The End of the Developmental State

Iain Pirie of the Department of Politics and International Studies at the University of Warwick in the UK has been a keen participant in debates about the developmental state in East Asia. In his new article, “Korea and Taiwan: The Crisis of Investment-Led Growth and the End of the Developmental State” (DOI: 10.1080/00472336.2017.1375136), he examines the rise of finance and the decline of the developmental state.

His abstract states:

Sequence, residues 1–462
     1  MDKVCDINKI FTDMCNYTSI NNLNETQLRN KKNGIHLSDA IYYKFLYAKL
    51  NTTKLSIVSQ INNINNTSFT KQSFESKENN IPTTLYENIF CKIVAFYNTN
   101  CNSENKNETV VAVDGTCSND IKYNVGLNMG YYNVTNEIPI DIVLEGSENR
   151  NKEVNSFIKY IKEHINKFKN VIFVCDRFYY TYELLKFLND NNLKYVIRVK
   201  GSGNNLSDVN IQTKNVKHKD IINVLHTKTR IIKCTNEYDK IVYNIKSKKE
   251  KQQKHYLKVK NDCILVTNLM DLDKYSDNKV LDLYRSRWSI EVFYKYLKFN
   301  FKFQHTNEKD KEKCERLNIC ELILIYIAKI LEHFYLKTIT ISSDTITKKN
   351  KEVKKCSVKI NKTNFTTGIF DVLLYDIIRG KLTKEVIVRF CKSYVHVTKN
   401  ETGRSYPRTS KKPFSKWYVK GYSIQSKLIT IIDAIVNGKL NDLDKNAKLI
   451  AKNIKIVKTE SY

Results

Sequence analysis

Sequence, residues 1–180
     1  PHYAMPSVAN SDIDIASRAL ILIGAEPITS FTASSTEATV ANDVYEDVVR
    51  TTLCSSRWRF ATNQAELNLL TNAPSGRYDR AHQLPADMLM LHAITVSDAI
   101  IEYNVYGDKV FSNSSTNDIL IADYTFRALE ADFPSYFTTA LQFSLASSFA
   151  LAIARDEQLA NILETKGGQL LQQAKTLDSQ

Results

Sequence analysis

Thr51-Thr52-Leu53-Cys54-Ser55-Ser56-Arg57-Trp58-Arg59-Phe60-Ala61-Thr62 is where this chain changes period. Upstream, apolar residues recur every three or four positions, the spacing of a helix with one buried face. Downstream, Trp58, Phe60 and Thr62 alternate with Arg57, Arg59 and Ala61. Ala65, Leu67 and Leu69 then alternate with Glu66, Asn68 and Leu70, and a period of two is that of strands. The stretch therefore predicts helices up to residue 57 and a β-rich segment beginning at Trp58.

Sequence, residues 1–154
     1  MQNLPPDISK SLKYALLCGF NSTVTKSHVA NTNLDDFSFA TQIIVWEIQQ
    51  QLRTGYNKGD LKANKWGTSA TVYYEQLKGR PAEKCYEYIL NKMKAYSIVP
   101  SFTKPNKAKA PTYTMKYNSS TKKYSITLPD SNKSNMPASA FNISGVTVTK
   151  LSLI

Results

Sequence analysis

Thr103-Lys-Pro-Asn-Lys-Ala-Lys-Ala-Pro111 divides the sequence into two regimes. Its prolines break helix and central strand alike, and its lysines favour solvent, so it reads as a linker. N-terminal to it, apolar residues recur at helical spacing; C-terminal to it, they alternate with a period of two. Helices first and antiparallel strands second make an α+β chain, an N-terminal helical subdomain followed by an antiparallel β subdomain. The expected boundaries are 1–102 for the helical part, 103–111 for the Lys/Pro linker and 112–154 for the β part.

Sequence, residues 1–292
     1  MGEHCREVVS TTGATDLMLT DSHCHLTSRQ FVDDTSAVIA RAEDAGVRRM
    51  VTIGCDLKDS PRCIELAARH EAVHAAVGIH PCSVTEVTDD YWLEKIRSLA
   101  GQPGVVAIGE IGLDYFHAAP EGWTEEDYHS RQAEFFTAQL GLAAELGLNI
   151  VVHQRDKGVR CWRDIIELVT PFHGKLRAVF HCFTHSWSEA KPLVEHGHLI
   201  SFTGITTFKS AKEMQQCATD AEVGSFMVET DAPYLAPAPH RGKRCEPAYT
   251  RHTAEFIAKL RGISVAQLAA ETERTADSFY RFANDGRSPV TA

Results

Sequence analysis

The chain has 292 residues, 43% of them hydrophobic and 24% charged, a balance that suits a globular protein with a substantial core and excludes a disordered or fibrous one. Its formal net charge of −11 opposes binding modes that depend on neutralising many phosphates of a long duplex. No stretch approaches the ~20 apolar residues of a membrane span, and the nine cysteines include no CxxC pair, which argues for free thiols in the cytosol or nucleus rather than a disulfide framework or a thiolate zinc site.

A defining feature of the Northeast Asian developmental state was a focus on maximising investment and suppressing growth in consumption. While consistently high rates of investment were an integral part of the growth model, as the South Korean and Taiwanese economies matured, the viability of this model was undermined by the inability of these economies to generate sufficient opportunities for profitable investment. At the same time, the legacies of systems of labour control associated with the developmental state have impeded the development of stable wage-led growth regimes in both political economies. Instead, they have become reliant on an unstable combination of current account surpluses and consumer borrowing to sustain growth. The legacies of the developmental state continue to define many aspects of the political-economic landscape in Korea and Taiwan. However, changes in the growth regimes, the reorientation of the financial sectors from corporate to household lending, and the downgrading of industrial policy mean that it is no longer useful to define Korea or Taiwan as developmental states. Instead, contemporary Korea and Taiwan can be best understood as post-developmental states.

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